Legislative panel summary cites tax initiative’s 77.7% increase, impact on small business

Arizona’s top tax bracket will increase 77.7% according to a summary adopted last Thursday by a legislative panel assessing the effects of the so-called “Invest in Ed” ballot initiative.

The summary approved by Legislative Council, which is comprised of state representatives and senators from each party, explains that the initiative seeks to assess a 3.5 percentage point increase on the current 4.5% tax rate on individual income exceeding $250,000 annually and married couple income exceeding $500,000 annually, resulting in an 8% tax rate on that income, a 77.7% increase over the current rate.

The summary also says that the tax increase will apply to income from small businesses that are organized as pass-through entities, like sole proprietorships and limited liability companies. Such small businesses pay their income taxes on the individual portion of the tax code, not the corporate tax code.

The Legislative Council summary will appear in a pamphlet that is prepared by the Office of the Secretary of State and mailed to voters before the fall election.

“The Legislative Council summary does a good job of explaining for voters just how dramatic a tax increase is being proposed by the tax advocates,” said Jaime Molera, the former state superintendent of public instruction who is chairing the opposition campaign committee Arizonans for Great Schools and a Strong Economy. “If this initiative makes the ballot and passes, Arizona’s top tax rate would be one of the top-10 highest in the nation. That would suppress our ability to grow our economy and would make it more difficult to continue to invest in our schools and teacher salaries. A healthy economy is what made possible the tremendous investments in our schools over the past several years, including the average statewide teacher pay increase of 20% that kicks in this school year.”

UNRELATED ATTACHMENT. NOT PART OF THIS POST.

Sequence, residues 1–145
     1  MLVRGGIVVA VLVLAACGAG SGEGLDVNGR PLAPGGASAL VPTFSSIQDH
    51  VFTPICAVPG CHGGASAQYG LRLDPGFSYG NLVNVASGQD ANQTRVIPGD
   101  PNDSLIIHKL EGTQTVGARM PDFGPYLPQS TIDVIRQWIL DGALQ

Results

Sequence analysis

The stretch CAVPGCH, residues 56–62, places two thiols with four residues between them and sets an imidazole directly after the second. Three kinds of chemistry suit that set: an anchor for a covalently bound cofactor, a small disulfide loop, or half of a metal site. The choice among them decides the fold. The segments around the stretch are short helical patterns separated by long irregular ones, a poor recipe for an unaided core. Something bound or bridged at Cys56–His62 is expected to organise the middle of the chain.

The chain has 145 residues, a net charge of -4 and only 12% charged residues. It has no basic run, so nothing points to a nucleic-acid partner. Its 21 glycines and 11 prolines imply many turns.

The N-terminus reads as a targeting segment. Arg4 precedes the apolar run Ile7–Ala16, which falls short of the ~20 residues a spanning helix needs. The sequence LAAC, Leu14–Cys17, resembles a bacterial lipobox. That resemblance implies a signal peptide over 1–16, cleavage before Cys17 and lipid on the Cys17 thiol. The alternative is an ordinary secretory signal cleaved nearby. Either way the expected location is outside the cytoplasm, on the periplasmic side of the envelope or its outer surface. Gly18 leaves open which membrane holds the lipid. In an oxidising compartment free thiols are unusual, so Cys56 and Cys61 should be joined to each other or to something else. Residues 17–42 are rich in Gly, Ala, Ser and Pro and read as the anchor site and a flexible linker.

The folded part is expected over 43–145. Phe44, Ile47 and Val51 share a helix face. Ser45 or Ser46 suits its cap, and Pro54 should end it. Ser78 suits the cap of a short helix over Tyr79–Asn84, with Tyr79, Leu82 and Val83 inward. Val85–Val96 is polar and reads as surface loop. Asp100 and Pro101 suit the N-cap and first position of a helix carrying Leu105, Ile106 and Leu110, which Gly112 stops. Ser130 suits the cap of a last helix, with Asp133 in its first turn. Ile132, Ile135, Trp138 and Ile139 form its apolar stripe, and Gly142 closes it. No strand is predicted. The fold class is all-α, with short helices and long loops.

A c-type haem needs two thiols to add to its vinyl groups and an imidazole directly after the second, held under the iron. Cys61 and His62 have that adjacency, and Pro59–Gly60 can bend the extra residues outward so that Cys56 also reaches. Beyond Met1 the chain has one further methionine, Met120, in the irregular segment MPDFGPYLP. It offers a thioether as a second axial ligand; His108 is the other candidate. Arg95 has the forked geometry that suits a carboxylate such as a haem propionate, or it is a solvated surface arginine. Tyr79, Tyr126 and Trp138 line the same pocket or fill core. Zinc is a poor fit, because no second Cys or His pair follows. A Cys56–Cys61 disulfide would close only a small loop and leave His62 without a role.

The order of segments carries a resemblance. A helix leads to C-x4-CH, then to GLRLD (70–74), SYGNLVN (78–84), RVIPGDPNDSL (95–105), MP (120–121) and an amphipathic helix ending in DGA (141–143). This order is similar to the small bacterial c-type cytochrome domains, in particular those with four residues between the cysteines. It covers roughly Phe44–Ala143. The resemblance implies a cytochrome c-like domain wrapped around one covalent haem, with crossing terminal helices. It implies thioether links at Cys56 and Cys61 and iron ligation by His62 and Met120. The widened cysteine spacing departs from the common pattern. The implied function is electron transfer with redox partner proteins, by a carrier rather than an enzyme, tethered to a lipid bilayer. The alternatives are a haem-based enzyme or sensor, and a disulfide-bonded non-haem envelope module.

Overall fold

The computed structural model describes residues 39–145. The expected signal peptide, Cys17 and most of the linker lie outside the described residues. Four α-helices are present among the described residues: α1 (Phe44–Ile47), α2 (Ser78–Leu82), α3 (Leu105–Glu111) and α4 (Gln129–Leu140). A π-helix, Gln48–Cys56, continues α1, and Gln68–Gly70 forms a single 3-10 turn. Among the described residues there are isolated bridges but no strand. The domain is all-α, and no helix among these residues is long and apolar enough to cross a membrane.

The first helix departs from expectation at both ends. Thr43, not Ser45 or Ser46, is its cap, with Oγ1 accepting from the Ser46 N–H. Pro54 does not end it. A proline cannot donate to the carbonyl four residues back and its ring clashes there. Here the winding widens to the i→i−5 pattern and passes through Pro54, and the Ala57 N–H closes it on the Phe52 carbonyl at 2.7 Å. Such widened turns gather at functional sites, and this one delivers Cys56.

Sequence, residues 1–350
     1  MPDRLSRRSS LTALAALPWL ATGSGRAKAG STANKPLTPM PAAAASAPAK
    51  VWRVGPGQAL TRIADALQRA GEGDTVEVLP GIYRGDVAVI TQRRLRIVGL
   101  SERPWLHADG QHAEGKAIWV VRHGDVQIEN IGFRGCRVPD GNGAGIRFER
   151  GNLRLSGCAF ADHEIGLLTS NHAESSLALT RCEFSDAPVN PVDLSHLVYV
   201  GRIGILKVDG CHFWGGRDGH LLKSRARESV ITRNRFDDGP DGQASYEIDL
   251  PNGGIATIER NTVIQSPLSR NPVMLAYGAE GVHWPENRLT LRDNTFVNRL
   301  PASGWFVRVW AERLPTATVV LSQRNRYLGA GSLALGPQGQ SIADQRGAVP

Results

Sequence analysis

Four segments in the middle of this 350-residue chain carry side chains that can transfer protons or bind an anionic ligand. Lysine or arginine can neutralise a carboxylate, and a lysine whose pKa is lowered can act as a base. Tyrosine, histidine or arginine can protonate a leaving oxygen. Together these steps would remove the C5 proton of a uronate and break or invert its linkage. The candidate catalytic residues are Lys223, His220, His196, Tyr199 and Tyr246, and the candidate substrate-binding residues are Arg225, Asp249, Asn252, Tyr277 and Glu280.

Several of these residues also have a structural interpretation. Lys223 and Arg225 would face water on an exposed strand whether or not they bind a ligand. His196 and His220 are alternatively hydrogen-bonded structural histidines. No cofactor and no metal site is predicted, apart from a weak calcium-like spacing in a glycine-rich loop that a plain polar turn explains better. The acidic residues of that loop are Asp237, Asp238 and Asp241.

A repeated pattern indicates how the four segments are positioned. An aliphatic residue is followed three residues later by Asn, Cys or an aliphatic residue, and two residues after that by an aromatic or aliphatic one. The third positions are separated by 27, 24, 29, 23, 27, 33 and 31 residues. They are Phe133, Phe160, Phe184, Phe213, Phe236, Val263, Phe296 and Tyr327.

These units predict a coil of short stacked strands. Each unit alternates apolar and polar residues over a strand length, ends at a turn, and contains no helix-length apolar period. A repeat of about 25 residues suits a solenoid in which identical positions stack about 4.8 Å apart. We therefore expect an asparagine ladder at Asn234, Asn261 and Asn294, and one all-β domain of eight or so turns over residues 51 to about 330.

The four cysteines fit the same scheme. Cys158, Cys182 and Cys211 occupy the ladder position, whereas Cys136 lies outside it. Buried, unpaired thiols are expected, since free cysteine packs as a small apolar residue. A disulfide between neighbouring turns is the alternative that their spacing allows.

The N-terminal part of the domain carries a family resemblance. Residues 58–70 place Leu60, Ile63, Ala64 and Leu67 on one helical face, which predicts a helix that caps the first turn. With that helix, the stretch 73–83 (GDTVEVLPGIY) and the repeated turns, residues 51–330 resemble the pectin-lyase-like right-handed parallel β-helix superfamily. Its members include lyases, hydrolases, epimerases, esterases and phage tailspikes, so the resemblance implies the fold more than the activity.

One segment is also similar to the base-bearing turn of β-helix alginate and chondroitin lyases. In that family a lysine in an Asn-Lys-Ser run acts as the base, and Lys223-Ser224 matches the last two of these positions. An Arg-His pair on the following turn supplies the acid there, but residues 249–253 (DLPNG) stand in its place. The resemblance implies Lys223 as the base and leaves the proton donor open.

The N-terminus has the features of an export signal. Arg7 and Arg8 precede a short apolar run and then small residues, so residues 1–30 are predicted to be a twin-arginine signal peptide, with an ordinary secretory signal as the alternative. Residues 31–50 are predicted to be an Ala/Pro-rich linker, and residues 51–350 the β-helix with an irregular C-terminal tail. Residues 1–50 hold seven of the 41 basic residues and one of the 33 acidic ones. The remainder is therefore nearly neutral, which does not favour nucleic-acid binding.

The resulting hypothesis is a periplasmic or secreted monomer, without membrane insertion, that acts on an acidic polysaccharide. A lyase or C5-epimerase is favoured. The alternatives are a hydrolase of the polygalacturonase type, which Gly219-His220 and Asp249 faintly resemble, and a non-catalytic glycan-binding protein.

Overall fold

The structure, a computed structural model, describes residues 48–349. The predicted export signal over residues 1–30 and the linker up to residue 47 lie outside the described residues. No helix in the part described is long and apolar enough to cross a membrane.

Chad Heinrich, the Arizona state director for the National Federation of Independent Business, said his organization was pleased that the Council summary makes clear that small businesses will be impacted by the tax increase.

“Voters deserve to know that Arizona small businesses are facing a huge tax increase if this measure were to pass,” Heinrich said. “The proponents do not discuss their plan’s impact on small business, but thankfully the Legislative Council summary shines a light on the 77.7% jump in the top income tax rate. A tax increase of this size is a bad idea even in a good economy, but in the middle of a pandemic when many small businesses have already closed or are hanging on by a thread, it’s incredibly irresponsible and destructive.”

In addition to the tax increase measure, the Legislative Council considered and adopted summaries of initiatives regarding the legalization of the recreational use of marijuana, criminal justice, and new regulatory mandates on the health care sector.

Joe Pitts

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